When people consciously practice gratitude, higher flows of reward-related neurotransmitters like dopamine are accessible. Research suggests that people who are thankful in life, experience a general brightening of the mind. When we feel romantic love and see a photo of our ‘darling’, the brain becomes more active in the caudate nucleus, which is a reward center – a resulting sense of euphoria is experienced.
As neurons fire together in patterned ways based on the information they are processing, neural structure changes. Thus the mind can also change the brain in lasting ways. Busy regions of the brain start stitching new connections together and existing synapses become stronger and build out more receptors. The hippocampus, a part of the brain involved in visual-spatial memory, becomes thicker. In other words, neurons that fire together wire together, even to the point of being observably thicker. People who maintain some kind of regular meditative practice actually have measurably thicker brains in certain key regions. One of those regions is the insula, which is involved in what’s called interoception – tuning into the state of your body, as well as deeper feelings. Practicing mindfulness and undisturbed breathing as well as staying present with what’s going on inside ourselves is becoming a significant form of self-awareness. When focusing attention through meditation, the neural basis strengthens. This is known as self-directed neuroplasticity. Neuroplasticity is the malleable nature of the brain; self-directed neuroplasticity means doing it with clarity and intention.
Attention is like a spotlight, shining on things. But it’s also like vacuum cleaner, sucking whatever it rests upon into the brain, for better or worse. If we rest our attention routinely on what we resent or regret, then we’re going to build out the neural substrates of those thoughts and feelings. By giving attention to things for which we’re grateful, wholesome qualities in ourselves and the world around us, we build up very healthy neural substrates. More than 100 years ago, before there were machines like MRIs to validate the impact of mindfulness, William James. the father of psychology in America, said. “The education of attention would be an education par excellence.”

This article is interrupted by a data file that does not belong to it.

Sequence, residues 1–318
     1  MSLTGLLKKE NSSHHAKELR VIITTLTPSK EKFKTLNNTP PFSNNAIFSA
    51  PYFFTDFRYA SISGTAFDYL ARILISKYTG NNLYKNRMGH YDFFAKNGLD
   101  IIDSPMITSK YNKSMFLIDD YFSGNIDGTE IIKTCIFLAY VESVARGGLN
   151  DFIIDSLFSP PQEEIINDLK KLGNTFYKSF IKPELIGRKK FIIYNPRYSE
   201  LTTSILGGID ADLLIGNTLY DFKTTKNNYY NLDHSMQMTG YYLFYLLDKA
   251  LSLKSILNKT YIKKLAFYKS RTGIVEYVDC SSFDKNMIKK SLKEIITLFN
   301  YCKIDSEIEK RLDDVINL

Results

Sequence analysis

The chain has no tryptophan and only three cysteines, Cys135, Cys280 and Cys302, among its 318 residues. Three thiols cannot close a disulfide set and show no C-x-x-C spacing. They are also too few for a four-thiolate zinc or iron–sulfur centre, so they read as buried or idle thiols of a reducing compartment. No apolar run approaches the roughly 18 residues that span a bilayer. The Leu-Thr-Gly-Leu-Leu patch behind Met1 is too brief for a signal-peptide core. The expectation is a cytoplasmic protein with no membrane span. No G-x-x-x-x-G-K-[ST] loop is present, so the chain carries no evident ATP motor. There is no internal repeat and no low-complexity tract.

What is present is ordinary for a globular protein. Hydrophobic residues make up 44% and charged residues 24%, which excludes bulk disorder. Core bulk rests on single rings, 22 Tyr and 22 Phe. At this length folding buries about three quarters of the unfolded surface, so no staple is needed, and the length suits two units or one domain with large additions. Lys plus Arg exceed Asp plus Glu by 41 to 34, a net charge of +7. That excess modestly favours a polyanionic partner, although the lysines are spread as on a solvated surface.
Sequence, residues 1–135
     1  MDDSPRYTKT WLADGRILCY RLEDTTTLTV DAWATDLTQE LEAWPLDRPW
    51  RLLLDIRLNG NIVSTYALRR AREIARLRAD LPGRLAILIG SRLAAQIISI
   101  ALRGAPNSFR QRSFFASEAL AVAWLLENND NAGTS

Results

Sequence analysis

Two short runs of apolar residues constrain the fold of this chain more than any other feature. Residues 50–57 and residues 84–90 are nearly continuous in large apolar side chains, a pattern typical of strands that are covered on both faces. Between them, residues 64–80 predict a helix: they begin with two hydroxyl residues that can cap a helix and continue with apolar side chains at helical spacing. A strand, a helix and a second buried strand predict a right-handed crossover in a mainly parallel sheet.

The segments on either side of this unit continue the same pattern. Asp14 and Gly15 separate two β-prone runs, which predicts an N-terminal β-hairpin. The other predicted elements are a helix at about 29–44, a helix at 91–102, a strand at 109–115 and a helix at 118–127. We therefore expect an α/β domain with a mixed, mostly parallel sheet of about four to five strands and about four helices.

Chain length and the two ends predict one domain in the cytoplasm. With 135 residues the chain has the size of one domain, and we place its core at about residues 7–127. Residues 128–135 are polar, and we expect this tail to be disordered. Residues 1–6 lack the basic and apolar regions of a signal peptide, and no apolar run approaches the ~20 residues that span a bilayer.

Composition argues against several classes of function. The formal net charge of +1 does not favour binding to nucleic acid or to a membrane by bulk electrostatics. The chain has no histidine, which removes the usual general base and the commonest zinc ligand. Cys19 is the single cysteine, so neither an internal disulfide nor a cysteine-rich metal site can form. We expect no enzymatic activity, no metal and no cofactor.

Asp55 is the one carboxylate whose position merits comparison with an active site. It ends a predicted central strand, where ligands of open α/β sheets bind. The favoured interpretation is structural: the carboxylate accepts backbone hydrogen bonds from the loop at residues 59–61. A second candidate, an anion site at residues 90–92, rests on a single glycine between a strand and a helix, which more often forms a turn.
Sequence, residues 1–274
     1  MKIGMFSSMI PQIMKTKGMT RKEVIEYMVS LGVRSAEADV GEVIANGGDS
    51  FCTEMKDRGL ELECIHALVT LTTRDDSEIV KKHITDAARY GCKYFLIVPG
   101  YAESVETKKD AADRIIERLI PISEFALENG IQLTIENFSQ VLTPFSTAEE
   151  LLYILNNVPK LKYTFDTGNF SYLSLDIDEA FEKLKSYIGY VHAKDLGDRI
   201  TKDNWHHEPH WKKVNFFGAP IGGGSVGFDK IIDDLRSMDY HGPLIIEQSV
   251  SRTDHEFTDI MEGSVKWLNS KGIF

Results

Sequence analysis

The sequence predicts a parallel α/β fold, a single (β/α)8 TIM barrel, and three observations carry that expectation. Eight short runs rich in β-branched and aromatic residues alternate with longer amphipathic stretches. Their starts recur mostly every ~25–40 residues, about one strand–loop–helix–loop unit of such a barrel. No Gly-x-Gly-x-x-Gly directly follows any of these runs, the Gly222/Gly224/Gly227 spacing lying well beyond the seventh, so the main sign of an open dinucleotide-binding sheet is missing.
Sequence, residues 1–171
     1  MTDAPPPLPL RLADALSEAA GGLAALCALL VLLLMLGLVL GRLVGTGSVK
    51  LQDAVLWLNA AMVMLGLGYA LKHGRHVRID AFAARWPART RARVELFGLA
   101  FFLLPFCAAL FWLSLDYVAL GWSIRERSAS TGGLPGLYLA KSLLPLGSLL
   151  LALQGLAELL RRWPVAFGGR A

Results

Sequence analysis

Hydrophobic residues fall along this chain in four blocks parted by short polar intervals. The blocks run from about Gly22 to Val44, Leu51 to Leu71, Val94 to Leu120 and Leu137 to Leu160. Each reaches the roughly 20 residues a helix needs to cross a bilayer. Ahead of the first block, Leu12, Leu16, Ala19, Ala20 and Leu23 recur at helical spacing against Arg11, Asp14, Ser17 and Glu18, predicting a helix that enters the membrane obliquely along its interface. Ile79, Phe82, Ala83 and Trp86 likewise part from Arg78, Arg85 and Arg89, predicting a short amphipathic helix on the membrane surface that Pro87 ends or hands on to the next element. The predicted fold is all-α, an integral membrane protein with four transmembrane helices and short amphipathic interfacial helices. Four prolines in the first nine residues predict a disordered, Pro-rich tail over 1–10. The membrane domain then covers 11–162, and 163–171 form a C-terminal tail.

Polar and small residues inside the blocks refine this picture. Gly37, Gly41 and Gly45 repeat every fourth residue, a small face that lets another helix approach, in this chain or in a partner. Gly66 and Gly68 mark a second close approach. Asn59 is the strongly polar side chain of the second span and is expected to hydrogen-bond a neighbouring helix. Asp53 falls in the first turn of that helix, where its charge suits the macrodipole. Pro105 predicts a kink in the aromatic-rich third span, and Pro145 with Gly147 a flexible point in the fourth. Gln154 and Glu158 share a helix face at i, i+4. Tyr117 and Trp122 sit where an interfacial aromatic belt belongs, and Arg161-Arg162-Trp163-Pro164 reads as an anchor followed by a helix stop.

Gaining more control over attention one way or another is really crucial through the practice of mindfulness. Today we are constantly bombarded with stimuli that the brain may struggle to manage, and this points to a beneficial relevance in meditation.
I have personally felt uplifted when reflecting, focusing and meditating in undisturbed interludes. Insights and clarity come to me in those moments of quiet contemplation. This makes me feel happy.

“If you correct your mind,
The rest of your life will fall into place”

Lao Tzu

If you are honest, people may cheat you.
Be honest anyway.
If you find happiness, people may be jealous.
Be happy anyway.
The good you do today may be forgotten tomorrow.
Do good anyway.
Give the world the best you have
and it may never be enough.
Give your best anyway.
For you see, in the end, it is between you and God.
It was never between you and them anyway.”

― Mother Teresa

All Rights Reserved. Copyright Charmiene Maxwell-Batten©2013




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Artist's Description

This is a chapter from my latest book titled ‘Sounds of my Soul’. I have written about various themes that we as humans may often reflect on as we encounter the various thoughts and reflections during our Life’s journey.